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A bottle of olive oil used in food Italian olive oil 2007.jpg
A bottle of olive oil used in food

An oil is any nonpolar chemical substance that is composed primarily of hydrocarbons and is hydrophobic (does not mix with water) and lipophilic (mixes with other oils). Oils are usually flammable and surface active. Most oils are unsaturated lipids that are liquid at room temperature.


The general definition of oil includes classes of chemical compounds that may be otherwise unrelated in structure, properties, and uses. Oils may be animal, vegetable, or petrochemical in origin, and may be volatile or non-volatile. [1] They are used for food (e.g., olive oil), fuel (e.g., heating oil), medical purposes (e.g., mineral oil), lubrication (e.g. motor oil), and the manufacture of many types of paints, plastics, and other materials. Specially prepared oils are used in some religious ceremonies and rituals as purifying agents.


First attested in English 1176, the word oil comes from Old French oile, from Latin oleum, [2] which in turn comes from the Greek ἔλαιον (elaion), "olive oil, oil" [3] and that from ἐλαία (elaia), "olive tree", "olive fruit". [4] [5] The earliest attested forms of the word are the Mycenaean Greek 𐀁𐀨𐀺, e-ra-wo and 𐀁𐁉𐀺, e-rai-wo, written in the Linear B syllabic script. [6]


Organic oils

Organic oils are produced in remarkable diversity by plants, animals, and other organisms through natural metabolic processes. Lipid is the scientific term for the fatty acids, steroids and similar chemicals often found in the oils produced by living things, while oil refers to an overall mixture of chemicals. Organic oils may also contain chemicals other than lipids, including proteins, waxes (class of compounds with oil-like properties that are solid at common temperatures) and alkaloids.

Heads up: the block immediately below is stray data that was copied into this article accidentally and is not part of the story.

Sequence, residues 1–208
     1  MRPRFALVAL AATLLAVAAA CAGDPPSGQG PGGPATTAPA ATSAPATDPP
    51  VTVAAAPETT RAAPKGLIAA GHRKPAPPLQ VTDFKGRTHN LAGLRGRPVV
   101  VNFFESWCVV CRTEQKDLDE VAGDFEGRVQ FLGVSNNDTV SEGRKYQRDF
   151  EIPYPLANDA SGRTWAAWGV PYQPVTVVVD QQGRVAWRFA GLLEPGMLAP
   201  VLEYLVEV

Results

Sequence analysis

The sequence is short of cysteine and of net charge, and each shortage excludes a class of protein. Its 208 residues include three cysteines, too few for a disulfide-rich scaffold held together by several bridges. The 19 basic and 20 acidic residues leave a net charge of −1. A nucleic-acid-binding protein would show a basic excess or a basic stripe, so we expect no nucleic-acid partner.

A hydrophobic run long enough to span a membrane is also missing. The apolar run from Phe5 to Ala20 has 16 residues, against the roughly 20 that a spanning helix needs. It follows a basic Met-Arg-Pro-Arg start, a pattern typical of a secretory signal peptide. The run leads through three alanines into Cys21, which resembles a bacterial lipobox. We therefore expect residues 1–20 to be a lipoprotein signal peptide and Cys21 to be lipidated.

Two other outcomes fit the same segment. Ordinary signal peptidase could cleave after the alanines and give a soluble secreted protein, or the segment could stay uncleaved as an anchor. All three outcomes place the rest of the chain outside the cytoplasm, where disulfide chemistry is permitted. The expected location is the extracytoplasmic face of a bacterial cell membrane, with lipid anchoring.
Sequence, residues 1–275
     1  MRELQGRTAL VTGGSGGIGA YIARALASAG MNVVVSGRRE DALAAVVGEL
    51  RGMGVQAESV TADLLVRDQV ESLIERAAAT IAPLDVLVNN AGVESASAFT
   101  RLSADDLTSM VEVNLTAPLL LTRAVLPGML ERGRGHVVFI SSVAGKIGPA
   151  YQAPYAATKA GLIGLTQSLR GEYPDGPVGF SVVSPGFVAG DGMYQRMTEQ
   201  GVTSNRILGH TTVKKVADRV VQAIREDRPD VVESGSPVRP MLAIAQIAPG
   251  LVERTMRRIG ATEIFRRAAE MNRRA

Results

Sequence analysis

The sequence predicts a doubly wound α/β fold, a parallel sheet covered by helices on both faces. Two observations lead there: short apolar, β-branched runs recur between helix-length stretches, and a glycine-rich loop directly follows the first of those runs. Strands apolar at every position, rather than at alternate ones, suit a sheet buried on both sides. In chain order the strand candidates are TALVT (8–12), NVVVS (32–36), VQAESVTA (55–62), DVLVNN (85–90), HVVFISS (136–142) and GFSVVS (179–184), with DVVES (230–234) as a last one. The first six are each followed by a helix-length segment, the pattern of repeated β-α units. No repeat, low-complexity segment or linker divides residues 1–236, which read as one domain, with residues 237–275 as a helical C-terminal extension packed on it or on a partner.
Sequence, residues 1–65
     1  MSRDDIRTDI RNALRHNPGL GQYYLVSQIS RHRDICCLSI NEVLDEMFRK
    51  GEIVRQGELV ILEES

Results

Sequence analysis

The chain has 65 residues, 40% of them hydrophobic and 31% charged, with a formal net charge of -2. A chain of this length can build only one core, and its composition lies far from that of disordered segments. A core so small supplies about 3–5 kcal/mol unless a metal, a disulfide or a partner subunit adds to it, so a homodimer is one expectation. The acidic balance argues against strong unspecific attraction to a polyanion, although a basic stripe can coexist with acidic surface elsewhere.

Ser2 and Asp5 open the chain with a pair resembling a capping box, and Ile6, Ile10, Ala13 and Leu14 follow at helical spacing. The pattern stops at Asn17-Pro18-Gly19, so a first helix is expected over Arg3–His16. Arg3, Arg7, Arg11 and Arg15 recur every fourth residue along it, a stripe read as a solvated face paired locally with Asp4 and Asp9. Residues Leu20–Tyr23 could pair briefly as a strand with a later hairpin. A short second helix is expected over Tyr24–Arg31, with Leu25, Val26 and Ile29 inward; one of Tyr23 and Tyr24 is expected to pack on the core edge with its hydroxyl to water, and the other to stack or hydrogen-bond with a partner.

Lipids can be classified by the way that they are made by an organism, their chemical structure and their limited solubility in water compared to oils. They have a high carbon and hydrogen content and are considerably lacking in oxygen compared to other organic compounds and minerals; they tend to be relatively nonpolar molecules, but may include both polar and nonpolar regions as in the case of phospholipids and steroids. [7]

Mineral oils

Crude oil, or petroleum, and its refined components, collectively termed petrochemicals , are crucial resources in the modern economy. Crude oil originates from ancient fossilized organic materials, such as zooplankton and algae, which geochemical processes convert into oil. [8] The name "mineral oil" is a misnomer, in that minerals are not the source of the oil—ancient plants and animals are. Mineral oil is organic. However, it is classified as "mineral oil" instead of as "organic oil" because its organic origin is remote (and was unknown at the time of its discovery), and because it is obtained in the vicinity of rocks, underground traps, and sands. Mineral oil also refers to several specific distillates of crude oil.[ citation needed ]



Several edible vegetable and animal oils, and also fats, are used for various purposes in cooking and food preparation. In particular, many foods are fried in oil much hotter than boiling water. Oils are also used for flavoring and for modifying the texture of foods (e.g. stir fry). Cooking oils are derived either from animal fat, as butter, lard and other types, or plant oils from olive, maize, sunflower and many other species. [9]


Oils are applied to hair to give it a lustrous look, to prevent tangles and roughness and to stabilize the hair to promote growth. See hair conditioner.[ citation needed ]


Oil has been used throughout history as a religious medium. It is often considered a spiritually purifying agent and is used for anointing purposes. As a particular example, holy anointing oil has been an important ritual liquid for Judaism [10] and Christianity. [11]


Oils have been consumed since ancient times. Oils hold lots of fats and medical properties. A good example is olive oil. Olive oil holds a lot of fats within it which is why it was also used in lighting in ancient Greece and Rome. So people would use it to bulk out food so they would have more energy to burn through the day. Olive oil was also used to clean the body in this time as it would trap the moisture in the skin while pulling the grime to the surface. It was used as an ancient form of unsophisticated soap. It was applied on the skin then scrubbed off with a wooden stick pulling off the excess grime and creating a layer where new grime could form but be easily washed off in the water as oil is hydrophobic. [12] Fish oils hold the omega-3 fatty acid. This fatty acid helps with inflammation and reduces fat in the bloodstream.[ citation needed ]